Two new genes involved in the more aggressive prostate cancer

May 13, 2014, IDIBELL-Bellvitge Biomedical Research Institute
This is researcher Alvaro Aytes. Credit: Toni Soriano (ICO)

A study by the Columbia University Nova York, in collaboration with the Catalan Institute of Oncology , Belvitge Biomedical Research Institute (ICO-IDIBELL) has identified two new genes that lead to more aggressive forms of prostate cancer. The work done by Alvaro Aytes under the direction of Cory Abate-Shen , director of the Herbert Irving Comprehensive Cancer Center of the Columbia University, has been published in the latest issue of Cancer Cell.

Prostate cancer

Prostate cancer is the most common in men in Europe( accounts for 20% of all male tumors). The incidence is about 60 new cases per 100,000 inhabitants per year.

A tumor closely associated with old age, and most cases is diagnosed between 70 and 80 years. The progressive aging of the population has made it one of the tumors that has increased in recent decades. Survival is quite high: according to Oncology Master Plan, 84 % of patients are alive five years after diagnosis.

Identify high-risk patients

In a significant proportion of patients the has a not very aggressive behavior, which does not compromise the health and quality of life of the affected. Also, being a tumor that usually occurs in old age, often the person dies with the tumor but not as a result of this.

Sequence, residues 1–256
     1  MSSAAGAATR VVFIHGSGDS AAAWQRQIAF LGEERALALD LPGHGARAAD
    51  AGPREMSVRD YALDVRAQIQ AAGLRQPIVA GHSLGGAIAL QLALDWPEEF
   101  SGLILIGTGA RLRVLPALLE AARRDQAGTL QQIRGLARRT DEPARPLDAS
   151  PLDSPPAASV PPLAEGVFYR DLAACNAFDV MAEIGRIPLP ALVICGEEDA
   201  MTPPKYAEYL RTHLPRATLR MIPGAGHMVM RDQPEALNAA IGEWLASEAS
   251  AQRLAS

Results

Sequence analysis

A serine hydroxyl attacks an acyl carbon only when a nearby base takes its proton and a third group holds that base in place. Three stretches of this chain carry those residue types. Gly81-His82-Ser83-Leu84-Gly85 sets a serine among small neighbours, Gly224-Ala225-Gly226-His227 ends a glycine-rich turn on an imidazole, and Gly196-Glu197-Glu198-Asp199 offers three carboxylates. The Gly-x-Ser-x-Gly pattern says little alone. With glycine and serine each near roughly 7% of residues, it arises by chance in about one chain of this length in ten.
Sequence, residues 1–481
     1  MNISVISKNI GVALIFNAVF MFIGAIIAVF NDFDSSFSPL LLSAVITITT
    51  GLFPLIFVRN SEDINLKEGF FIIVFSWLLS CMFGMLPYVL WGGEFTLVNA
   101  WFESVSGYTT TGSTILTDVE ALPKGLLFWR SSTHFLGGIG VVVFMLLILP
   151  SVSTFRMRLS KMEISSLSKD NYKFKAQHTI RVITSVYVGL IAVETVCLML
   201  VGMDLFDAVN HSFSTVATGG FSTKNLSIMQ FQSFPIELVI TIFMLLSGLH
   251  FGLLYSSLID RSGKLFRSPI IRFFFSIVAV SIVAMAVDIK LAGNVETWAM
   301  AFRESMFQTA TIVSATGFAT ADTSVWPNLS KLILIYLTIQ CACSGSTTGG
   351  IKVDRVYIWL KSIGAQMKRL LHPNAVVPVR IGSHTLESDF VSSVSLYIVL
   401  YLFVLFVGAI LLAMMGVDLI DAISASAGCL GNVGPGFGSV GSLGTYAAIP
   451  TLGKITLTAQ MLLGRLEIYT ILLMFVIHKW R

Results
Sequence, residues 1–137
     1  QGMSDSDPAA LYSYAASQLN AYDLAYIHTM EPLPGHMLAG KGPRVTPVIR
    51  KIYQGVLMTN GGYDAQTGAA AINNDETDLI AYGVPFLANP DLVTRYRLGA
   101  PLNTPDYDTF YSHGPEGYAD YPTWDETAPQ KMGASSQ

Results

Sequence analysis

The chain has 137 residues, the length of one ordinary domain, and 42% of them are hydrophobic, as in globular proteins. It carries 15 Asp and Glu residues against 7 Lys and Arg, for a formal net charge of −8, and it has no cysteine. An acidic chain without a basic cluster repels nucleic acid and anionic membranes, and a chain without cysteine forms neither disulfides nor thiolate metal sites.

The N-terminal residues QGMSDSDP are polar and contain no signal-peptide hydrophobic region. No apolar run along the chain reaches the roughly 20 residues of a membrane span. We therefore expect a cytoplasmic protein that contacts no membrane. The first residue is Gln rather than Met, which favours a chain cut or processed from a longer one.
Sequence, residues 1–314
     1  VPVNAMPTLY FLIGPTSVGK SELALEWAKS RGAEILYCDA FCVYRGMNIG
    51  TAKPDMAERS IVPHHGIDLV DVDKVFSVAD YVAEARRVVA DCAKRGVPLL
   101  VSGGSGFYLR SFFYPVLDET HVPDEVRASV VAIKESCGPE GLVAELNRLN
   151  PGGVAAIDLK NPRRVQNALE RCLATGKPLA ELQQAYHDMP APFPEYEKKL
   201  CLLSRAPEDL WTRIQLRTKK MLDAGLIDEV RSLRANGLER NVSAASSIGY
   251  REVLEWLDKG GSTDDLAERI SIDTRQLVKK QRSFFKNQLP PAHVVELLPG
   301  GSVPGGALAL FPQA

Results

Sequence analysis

It is therefore necessary to develop tools to predict which prostate tumors are clinically relevant and potentially lethal. This would open the door to customize treatments and avoid certain therapies and , therefore, avoid side effects to patients that do not need it, further reducing healthcare costs.

Two new genes in the spotlight

The study published in Cancer Cell identified two genes, the FOXM1 and CENPF, if they are abnormally activated simultaneously, lead to more aggressive and life threatening forms of prostate cancer .

A new feature of the study is that computer algorithms were used to generate networks of interactions between molecules that are generated specifically in .

Currently they have launched preclinical studies to determine which treatments or combinations of drugs are more effective in combating abnormal activation of FOXM1 and CENPF genes. Also, in the near future, identifying the presence or absence of these biomarkers in an individual patient will provide a more effective and with fewer side effects individualized treatment.

Explore further: Two genes together drive aggressive prostate cancer

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